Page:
Having a dedicated QA team in the way that proprietary software often have makes less sense when you have an open development process and openly accessible bug tracker, as a good chunk of your most important users will be watching activities in your repository, testing prereleases (nightly/alpha/beta builds), filing bug reports, or even be involved in the development process, so that undesirable change in direction, bugs and regression are often discovered that way.
All in all though, many open source projects do have formal QA process with dedicated QA teams, for example Firefox, Debian, Gentoo, LibreOfice.
In general, automated testing and continuous integration and testing build system is vastly preferred in open source world, because in open source projects people and volunteers come and go, but automated tests will stay around. The efforts needed to document a manual testing processes and train dedicated QA members are often not much less than the effort needed to automate the test. And users who runs nightly/alpha/beta builds fulfills the needs that are normally filled by QA.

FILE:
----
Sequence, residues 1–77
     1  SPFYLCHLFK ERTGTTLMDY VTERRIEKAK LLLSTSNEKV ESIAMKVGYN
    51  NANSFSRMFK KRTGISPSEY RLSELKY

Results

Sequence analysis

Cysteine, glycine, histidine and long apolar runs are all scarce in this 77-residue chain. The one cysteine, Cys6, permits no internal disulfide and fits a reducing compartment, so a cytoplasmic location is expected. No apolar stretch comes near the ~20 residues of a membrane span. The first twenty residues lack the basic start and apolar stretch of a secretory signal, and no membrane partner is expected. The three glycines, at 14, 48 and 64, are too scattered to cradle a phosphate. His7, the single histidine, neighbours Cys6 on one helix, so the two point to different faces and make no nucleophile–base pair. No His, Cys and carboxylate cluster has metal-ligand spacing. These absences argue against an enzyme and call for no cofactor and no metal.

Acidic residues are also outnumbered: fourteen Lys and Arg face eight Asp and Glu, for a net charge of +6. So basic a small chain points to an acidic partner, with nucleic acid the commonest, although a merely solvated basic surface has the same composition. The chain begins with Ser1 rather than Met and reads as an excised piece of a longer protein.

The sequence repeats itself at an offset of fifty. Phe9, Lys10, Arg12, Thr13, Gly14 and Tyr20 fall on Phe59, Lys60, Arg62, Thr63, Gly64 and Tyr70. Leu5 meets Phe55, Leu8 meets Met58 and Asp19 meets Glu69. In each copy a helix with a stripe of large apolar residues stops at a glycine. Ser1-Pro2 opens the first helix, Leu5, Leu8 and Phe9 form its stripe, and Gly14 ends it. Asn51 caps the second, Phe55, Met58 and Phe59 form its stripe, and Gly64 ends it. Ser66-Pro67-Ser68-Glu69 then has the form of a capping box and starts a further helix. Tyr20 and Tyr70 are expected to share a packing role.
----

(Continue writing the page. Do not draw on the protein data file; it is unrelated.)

You may also notice that in many open source projects the role of QA may often cross with community participation activities, this is because QA is generally the easiest way for non technical users to get involved in the project.
Also, don't get too hung up with the terminologies, even in proprietary software development, development teams rarely distinguish between unit tests and higher level testing. People often just call any automated tests as unit tests, even for selenium-type UI level testing.